After a decent run for its shares since 2009, companies analyst Edmond Jackson considers the prospects for this broadcast and photographic market specialist.
Companies reporting mid-year results are tending not to excite - offering an "in-line with expectations" message, including for their overall 2018 results.
It often makes valuations look fair to full, which in the context of a long business cycle since 2009 and edginess over Brexit and now Turkey, makes it tempting to consider locking in gains.
Yet this is just what potential trade buyers of British companies want, and if sterling remains weak then it's likely more offers will appear like the bid for IT recruiter Harvey Nash I covered last week.
That one shows how firms with strong positions in international markets have special appeal, and their stock having limited liquidity will make it easier to get control while funds raise liquidity ahead of a possible jittery period.
Not to encourage speculation around Vitec Group (The) or a case for holding its non-index equity on bid prospects, but this near £600 million company is a good example of investors’ current dilemma - yet ongoing opportunity too.
Probably "high enough" after a long run from 2009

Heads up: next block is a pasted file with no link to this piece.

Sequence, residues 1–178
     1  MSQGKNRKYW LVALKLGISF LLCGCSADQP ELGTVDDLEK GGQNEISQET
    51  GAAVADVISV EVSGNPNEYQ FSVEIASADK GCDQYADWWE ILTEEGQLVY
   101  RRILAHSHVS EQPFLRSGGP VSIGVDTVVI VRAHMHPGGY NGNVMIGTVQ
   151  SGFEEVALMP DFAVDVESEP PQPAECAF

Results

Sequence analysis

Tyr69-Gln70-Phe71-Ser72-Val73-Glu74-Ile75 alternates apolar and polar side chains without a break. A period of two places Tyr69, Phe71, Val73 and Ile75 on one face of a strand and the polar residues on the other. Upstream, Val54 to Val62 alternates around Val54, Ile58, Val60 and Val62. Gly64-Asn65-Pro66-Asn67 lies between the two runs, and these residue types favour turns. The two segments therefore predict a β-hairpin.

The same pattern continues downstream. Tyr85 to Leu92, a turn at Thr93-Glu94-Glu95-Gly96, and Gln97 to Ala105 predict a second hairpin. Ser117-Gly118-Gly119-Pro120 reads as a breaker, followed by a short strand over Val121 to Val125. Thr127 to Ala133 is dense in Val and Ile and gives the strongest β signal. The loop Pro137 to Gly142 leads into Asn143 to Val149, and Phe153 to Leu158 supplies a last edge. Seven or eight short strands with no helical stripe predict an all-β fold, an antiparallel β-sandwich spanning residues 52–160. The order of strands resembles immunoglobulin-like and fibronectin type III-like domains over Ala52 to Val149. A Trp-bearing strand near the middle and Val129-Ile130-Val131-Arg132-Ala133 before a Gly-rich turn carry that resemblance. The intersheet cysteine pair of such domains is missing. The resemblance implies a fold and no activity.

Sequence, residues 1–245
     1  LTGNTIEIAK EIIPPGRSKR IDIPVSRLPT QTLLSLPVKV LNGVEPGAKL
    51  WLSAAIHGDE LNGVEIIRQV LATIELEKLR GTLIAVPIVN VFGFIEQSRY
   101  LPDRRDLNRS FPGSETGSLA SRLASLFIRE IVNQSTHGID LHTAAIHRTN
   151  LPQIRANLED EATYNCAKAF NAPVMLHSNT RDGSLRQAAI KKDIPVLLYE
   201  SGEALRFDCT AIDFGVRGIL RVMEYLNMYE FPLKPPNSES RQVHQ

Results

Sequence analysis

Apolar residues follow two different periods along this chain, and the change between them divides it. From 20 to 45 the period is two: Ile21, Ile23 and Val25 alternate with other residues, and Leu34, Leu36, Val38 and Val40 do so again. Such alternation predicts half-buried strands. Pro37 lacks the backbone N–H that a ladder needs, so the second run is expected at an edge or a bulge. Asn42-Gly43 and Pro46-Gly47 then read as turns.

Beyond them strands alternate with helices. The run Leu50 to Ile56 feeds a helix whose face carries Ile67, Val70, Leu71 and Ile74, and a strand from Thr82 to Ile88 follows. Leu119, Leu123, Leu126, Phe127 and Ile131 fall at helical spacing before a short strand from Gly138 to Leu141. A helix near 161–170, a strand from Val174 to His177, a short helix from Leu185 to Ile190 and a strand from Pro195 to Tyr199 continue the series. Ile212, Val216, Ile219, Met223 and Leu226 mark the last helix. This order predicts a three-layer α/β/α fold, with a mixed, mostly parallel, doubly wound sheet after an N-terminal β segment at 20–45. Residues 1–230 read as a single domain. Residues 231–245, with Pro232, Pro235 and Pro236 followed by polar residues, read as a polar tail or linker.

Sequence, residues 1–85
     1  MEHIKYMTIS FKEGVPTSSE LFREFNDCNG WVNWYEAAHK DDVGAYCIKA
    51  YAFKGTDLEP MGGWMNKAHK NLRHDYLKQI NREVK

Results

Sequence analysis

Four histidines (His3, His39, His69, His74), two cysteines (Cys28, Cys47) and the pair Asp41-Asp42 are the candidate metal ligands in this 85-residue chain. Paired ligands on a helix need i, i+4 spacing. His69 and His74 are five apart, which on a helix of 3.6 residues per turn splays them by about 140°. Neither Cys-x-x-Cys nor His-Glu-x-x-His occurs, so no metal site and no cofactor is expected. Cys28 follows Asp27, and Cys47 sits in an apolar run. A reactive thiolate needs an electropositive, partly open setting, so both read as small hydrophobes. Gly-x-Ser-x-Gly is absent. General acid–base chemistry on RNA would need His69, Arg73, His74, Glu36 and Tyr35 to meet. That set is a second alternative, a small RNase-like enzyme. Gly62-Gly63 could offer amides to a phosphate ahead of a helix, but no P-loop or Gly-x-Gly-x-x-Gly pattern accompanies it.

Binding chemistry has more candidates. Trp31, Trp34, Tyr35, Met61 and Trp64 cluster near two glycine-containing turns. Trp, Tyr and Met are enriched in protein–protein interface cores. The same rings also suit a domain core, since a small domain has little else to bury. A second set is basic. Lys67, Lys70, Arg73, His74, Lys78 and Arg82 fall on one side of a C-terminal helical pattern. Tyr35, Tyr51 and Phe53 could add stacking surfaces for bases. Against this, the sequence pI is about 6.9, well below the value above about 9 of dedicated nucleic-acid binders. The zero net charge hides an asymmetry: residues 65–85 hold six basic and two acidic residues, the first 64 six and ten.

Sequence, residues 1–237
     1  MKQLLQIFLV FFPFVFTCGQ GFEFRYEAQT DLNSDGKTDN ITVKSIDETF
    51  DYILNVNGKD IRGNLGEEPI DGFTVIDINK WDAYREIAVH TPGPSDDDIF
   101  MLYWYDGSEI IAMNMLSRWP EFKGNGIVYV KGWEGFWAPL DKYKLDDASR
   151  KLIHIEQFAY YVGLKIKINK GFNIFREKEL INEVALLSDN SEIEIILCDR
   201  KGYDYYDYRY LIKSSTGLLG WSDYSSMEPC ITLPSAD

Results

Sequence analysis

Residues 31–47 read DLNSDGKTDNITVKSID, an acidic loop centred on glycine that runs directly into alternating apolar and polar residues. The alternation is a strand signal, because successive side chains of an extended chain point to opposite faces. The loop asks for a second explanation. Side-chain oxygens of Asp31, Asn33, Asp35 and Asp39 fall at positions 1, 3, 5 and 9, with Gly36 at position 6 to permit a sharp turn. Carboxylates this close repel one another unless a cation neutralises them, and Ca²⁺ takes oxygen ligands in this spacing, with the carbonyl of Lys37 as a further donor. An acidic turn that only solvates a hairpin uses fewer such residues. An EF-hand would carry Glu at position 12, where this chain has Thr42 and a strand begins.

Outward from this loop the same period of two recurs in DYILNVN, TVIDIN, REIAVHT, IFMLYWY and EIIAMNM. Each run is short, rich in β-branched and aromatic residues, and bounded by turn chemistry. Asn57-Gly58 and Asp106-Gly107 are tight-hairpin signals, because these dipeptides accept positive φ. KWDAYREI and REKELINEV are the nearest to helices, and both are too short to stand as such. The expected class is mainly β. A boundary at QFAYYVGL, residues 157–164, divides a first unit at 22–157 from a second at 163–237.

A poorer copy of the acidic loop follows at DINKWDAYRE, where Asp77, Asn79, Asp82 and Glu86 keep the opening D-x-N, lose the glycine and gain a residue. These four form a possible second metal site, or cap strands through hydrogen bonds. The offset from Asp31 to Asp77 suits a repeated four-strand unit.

After the 2008 crisis, weak broadcast markets dealt a blow to this international supplier of products/solutions for the broadcast and photographic markets.
Cuts in corporate advertising budgets hit a company that had already quite lost its way making some less than brilliant acquisitions and diversifying into air traffic control.
The stock plunged from 575p, on a price earnings multiple of around 20 times, to 150p in 2008. Then a new chief executive was appointed to re-focus and when I drew attention at around 400p in June 2010, on a 4.5% yield, it was encouraging how he was re-investing his bonus and dividends, while re-building revenues.
My 600p target ensued as the P/E rose to the mid-teens, as was part of my rationale, and currently around 1300p it's about 16 times consensus for 2018, easing below 15 times for 2019 if that year’s forecast for about 8% earnings growth is fair.
Not as highly rated as in 2007 when that cycle topped out, Vitec yields only about 2.5% at this price level, with net tangible assets around 100p a share, so is exposed to any whiff of a profit warning.
Thankfully analysts are quite cautious about 2019 although Vitec also looks a good example how such projections may only be ball-park: either firms will beat them or get clobbered if a slowdown manifests. You need to look critically at which equity portfolio holdings are more likely robust or vulnerable, and stay aware.
|Vitec Group - financial summary||Consensus estimates|
|year ended 31 Dec||2013||2014||2015||2016||2017||2018||2019|
|Turnover (£ million)||315||310||318||376||353|